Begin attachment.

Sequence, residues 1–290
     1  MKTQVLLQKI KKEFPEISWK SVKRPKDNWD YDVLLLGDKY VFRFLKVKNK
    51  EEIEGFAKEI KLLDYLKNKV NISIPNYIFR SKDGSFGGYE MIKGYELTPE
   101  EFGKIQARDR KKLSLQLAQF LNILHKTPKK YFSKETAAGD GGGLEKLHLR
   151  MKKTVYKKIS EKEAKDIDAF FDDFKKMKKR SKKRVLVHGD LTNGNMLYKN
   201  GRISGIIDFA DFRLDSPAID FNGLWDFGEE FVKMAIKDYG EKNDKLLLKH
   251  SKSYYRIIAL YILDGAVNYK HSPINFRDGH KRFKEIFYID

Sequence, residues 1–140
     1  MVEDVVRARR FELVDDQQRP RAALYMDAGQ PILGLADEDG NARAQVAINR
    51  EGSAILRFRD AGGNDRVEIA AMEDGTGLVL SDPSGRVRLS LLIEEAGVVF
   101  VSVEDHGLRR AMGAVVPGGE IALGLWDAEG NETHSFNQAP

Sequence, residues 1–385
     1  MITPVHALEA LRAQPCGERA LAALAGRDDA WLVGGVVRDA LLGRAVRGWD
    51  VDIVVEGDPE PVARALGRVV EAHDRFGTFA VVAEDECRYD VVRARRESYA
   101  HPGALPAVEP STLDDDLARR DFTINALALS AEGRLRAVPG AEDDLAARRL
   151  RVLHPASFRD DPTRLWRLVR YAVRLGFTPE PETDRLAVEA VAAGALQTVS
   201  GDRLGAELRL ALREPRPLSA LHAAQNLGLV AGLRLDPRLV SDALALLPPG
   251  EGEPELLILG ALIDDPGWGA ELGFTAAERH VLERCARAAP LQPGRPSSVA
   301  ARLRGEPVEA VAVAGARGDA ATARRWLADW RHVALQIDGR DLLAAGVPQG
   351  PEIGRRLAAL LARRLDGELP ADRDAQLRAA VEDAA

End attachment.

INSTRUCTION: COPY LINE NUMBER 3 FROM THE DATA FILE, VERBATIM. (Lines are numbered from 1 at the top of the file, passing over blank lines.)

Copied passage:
    51  EEIEGFAKEI KLLDYLKNKV NISIPNYIFR SKDGSFGGYE MIKGYELTPE